Towards a rational methodology for using evolutionary search algorithms
Evolutionary search algorithms (ESAs from now on) are iterative problem solvers developed with
inspiration from neo-Darwinian survival of the fittest genes. This thesis looks at the core issues
surrounding ESAs and is a step towards building a rational methodology for their effective use.
Currently there is no such method of best practice rather the whole process of designing and using
ESAs is seen as more of a black art than a tried and tested engineering tool. Consequently, many
non-practitioners are sceptical of the worth of ESAs as a useful tool at all.
Therefore the first task of the thesis is to layout the reasons, from computational theory, why
ESAs can be a potentially powerful tool. In this context the theory of NP-completeness is introduced
to ground the discussions throughout the thesis. Then a simple framework for describing
ESAs is developed to form another cornerstone of these later discussions. From here there are two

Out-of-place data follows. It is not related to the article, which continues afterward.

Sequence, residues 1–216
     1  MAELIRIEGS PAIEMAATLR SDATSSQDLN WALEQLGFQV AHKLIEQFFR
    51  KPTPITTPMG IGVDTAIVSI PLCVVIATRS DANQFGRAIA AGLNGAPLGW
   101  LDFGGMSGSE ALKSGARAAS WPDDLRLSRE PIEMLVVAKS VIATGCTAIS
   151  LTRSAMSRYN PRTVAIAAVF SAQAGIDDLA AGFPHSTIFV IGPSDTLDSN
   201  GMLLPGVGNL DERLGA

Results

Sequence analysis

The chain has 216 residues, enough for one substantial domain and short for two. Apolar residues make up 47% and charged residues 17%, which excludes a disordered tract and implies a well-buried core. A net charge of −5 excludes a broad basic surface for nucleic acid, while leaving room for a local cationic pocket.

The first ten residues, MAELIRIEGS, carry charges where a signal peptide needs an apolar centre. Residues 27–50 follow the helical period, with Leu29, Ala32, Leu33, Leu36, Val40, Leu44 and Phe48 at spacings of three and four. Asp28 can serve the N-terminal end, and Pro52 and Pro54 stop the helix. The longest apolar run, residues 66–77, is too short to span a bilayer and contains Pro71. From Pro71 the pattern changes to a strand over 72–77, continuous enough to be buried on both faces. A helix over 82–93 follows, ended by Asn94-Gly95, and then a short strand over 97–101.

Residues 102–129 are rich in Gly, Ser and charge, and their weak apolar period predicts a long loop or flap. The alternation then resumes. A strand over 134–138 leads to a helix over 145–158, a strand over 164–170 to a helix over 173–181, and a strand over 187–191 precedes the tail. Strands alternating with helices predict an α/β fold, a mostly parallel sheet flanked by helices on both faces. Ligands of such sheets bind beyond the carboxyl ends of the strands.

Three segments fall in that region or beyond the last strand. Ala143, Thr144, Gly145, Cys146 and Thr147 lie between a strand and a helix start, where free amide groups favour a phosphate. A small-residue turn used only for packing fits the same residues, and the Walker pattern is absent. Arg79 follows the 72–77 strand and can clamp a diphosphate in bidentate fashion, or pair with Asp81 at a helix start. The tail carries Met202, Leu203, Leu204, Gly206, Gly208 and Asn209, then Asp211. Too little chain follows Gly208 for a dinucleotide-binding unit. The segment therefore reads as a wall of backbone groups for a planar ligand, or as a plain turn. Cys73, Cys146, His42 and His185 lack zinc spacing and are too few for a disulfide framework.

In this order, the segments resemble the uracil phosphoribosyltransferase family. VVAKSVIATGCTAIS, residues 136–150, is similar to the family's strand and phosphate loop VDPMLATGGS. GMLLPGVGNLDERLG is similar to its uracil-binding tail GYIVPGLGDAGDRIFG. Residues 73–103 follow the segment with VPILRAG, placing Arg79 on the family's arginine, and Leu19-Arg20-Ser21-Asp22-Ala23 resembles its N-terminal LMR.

main themes of the thesis. The first theme is that the No Free Lunch result requires us to take a
problem centric, as opposed to algorithm centric, perspective on ESA research. The second major
theme is the argument that whole algorithms and traditional computer science problem classes are
the wrong level of granularity for the focus of our research. Instead we should be researching
empirical questions of search bias at the granularity of the components of search algorithms. Furthermore,
we should be finding empirical evidence to demonstrate that our granularity of analytic
class is such that one analytic class maps onto one search bias class.
We will see that this can mean that we have to sub-divide our classic computer science problems
classes into smaller sub-classes. The hope is that we can find analytic distinctions that will
sub-divide the instances along lines that match the divisions between the various empirically discoverable
search bias classes. The intention is to develop our knowledge until we get one analytic
class to map into one empirical class. If we have strong empirical evidence to suggest that this has
been achieved then we have good grounds on which to confidently use this knowledge to predict
the effective search biases required for new problem instances.
In the last two chapters of the thesis we demonstrated these ideas on various instances of the
euclidean TSP problem class